You cannot love and avoid pain. Love allows you to sit in the suffering, your own or someone you care about, and watch for how God moves redemptively. If you run from pain, you’ll find yourself often running from love, and, ultimately, from God. If you can embrace the reality of God-with-you in your suffering, then it will not consume you. It will also allow you to see more easily his way forward until ecstasy triumphs over agony.


Other Items of Note 

  • Our next Wrestling with Trauma conversation will be Sunday, February 26, at 10:00 am. PST. Email Wayne if you’d like to join a small group to provide a place for people to explore their trauma or to find ways to help others they love deal with trauma
  • The next Jake Colsen Book Club session will be held Saturday, March 4, at 1:30 pm PST. You’ll have to work that out in your own time zone. We will explore Chapter 10: Won to Trust, as we consider how Jesus teaches us to trust him and what he wants for us, rather than trying to get him to give us the outcomes we want for ourselves. We will stream it live on my Facebook Author Page, but if you want to be part of the conversation, you can get a link to the Zoom Room by emailing Wayne and asking for it.


4 thoughts on “The Man of Sorrows”

  1. Pingback: The Man of Sorrows | Lifestream – The Faith Herald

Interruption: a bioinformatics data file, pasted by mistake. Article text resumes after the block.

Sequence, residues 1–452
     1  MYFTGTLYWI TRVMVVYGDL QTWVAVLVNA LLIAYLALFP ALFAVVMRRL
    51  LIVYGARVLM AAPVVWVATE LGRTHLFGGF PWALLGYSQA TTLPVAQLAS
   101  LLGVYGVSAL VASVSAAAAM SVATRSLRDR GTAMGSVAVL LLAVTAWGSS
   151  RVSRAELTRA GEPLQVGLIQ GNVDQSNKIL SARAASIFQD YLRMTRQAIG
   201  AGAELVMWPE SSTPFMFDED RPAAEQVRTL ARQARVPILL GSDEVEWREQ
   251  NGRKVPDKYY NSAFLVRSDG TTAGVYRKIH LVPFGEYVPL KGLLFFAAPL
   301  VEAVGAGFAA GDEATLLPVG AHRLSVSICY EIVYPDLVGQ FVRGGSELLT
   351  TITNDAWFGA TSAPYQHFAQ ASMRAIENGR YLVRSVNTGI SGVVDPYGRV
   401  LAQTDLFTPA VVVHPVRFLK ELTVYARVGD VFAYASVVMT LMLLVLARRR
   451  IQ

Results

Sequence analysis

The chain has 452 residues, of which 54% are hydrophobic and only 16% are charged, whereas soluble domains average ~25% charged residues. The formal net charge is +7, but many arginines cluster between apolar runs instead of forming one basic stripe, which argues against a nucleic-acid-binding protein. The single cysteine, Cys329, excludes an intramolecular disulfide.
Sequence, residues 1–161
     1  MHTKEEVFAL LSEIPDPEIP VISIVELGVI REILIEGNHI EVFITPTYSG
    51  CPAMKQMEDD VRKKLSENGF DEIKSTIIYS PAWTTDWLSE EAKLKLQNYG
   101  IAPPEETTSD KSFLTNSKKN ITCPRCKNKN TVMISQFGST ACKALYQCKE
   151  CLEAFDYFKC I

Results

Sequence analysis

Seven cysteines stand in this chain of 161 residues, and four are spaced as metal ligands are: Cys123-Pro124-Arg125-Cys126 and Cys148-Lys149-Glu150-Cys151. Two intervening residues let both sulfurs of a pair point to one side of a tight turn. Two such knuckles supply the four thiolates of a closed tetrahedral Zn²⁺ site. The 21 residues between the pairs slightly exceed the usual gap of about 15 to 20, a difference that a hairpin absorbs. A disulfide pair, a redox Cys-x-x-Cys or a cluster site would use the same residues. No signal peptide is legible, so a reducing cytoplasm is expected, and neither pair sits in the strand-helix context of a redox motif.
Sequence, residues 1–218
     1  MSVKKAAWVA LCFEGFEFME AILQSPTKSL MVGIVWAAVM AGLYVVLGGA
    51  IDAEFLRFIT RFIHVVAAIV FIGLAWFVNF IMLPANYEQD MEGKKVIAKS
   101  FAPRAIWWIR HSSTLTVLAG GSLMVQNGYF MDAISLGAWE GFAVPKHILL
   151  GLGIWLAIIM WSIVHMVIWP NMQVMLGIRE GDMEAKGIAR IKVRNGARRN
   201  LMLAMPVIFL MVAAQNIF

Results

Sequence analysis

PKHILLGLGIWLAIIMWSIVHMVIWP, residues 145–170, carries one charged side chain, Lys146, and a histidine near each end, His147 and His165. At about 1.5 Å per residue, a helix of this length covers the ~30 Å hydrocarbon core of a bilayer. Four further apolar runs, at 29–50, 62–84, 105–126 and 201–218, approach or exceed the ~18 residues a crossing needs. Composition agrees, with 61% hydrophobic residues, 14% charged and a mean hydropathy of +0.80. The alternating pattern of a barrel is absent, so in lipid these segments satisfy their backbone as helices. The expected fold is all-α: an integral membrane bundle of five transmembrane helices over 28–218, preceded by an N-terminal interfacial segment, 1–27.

2. This is brilliant – thank you Wayne – the agony and the ecstacy is so well portraid here. This is not a hopeless agony for it is God’s agony – the agony of love. The kind of agony that one opens yourself to experience when you dare to be vulnerable at all cost – even to give your life for your friends.

    I think the vulnerability of love is the one thing we fear most of all. To reveal all and then to find that your all is rejected, is a frightening thought. Could that be what Jesus referred to when he said, “Unless you take up your cross every day and follow me you can’t be my disciple?

    Allow this quote from Richard Rohr please: “Did you ever imagine that what we call “vulnerability” might just be the key to ongoing growth? In my experience, healthily vulnerable people use every occasion to expand, change, and grow. Yet it is a risky position to live undefended, in a kind of constant openness to the other – because it would mean others could sometimes actually wound you (from vulnus, “wound”). But only if we choose to take this risk do we also allow the exact opposite possibility: the other might also gift you, free you, and even love you.
    But it is a felt risk every time.
    Every time.”
    Could I please post this on

    1. Thanks for your comment, Stephan. I love the perspective you add to this. Vulnerability is clearly the key to growth, but it also means people you love will reject you and perhaps even exploit your honesty. But I encourage people to risk only what you can only endure. Your effectiveness will will grow as the range of your vulnerability grows. But in the early stages find people who can entrust your heart to, and learn by opening up a bit a time and see how they handle it. No sense in feeding pearls to swine, which only does greater damage to them.

      And, yes, you may repost it…

      1. I agree with you Wayne. Learning to be vulnerable is a life long experience. Some of us have issues where we were deeply wounded in childhood and continue to recover to this day. To open oneself up to further injury to existing wounds is not a wise choice for everyone. We are instructed to pray ” Lead us not into temptation”.